2. Evaluate the event
After you’ve narrowed down the list of potential conferences, take a closer look and evaluate the level of impact each one can have. This includes taking a look at the approach of the event and its location and then mapping it back to your business goals and growth opportunity.
For starters, take a closer look at the conference programming. It’s worth attending if the conference has a unique approach that’s different from other events you’ve attended in the past. That may mean more or fewer panels, fireside chats, or breakout sessions. Clichés in panel topics (and in participants) are rampant in most verticals. Unique and thoughtful panel topics are interesting in their own right, but they are also indicative of the overall quality of a show.
Next, consider who’s attending. You want to go to events that have relevant customers and brands. Many events suffer from “too many sponsors” syndrome. Events make money off sponsorships, and some of them are so focused on doing so that they forget they need to ensure good brands and attendees come. Although the event may initially look good, you can often end up with very few customers or potential customers to meet. In our industry, Grow.co puts a focused effort on attracting brands and limiting the sponsors and vendors. They keep the content top-notch and focus on industry experts and media buyers driving the content instead of sponsors selling their products. Don’t forget to ask partners, coworkers, or trusted friends that have attended in previous years what their expectations and thoughts were.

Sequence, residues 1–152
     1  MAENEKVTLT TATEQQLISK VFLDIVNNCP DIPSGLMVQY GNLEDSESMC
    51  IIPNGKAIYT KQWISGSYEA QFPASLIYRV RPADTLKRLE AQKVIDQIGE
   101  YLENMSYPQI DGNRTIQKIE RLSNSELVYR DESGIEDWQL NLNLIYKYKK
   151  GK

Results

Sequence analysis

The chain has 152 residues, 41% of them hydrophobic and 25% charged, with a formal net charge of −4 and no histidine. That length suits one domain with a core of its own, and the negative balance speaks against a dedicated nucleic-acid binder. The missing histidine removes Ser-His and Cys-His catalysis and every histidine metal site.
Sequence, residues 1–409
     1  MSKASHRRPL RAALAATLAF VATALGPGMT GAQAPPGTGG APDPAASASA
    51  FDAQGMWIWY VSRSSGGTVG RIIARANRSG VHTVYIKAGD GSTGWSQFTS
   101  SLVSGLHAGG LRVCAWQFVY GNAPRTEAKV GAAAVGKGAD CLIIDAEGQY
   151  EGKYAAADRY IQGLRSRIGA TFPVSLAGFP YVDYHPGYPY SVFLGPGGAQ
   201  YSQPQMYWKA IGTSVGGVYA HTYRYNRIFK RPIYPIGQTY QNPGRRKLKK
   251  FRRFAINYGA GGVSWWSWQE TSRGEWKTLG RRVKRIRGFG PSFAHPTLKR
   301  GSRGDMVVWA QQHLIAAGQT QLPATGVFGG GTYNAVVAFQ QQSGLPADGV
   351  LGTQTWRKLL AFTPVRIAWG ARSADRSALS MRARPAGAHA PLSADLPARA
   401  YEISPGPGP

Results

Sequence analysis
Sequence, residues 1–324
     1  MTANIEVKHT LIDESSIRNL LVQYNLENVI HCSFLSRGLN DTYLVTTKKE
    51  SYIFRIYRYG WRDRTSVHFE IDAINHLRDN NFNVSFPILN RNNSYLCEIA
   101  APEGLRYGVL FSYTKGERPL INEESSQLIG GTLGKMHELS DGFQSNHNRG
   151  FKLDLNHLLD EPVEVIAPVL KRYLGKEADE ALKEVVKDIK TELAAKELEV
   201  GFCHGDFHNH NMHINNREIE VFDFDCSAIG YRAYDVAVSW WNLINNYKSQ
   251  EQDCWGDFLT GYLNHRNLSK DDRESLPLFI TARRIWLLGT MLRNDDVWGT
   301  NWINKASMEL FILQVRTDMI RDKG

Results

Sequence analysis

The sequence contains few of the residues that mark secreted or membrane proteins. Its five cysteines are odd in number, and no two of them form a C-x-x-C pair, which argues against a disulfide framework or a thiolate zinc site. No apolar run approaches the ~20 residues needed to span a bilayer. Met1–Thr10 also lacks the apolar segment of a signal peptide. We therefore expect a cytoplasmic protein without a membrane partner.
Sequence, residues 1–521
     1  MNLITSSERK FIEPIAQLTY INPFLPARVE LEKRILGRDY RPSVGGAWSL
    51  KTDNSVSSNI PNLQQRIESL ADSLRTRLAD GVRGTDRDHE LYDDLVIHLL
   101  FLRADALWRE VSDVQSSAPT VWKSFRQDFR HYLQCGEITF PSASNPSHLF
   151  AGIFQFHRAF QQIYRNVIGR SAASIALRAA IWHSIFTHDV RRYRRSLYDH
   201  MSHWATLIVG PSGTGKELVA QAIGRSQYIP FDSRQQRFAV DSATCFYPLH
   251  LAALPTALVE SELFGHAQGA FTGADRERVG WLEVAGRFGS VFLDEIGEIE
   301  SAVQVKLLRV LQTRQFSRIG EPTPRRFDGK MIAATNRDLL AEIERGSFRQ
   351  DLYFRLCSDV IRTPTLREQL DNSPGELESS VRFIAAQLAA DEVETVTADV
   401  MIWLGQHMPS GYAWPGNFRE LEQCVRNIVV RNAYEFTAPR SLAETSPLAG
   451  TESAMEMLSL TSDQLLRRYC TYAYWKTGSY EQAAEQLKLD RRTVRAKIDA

Also, take a look at the location of the event. It should be where current and potential clients are and in regions that align with your overall business growth and opportunity. For example, if your startup doesn’t operate and have any employees or immediate plans to launch in Europe, attending a conference in Amsterdam doesn’t make much sense. However, if you are growing in APAC, review the core events happening in that region (this is an area where events are key to brand awareness and success), and ensure you divert budget for them.
3. Decide whether to attend or sponsor
Once you decide to participate in a conference, you need to decide whether to attend or to sponsor.
Attending an event is a must if you’re looking to network, build your brand, or at the very least, learn something. For example, if the CEO is attending, make sure they can also meet with clients that are attending or potential clients the company is interested in. It’s even better if there are speaking opportunities involved. Positioning your brand as a thought leader in the space should be one of your goals, and speaking in front of different audiences helps you build that credibility.
Learning is also one of the main reasons to attend a conference. You’ll get the opportunity to hear from other industry experts about what is currently trending, possibly find inspiration for future speaking ideas, or simply determine if the event is worth attending in the future.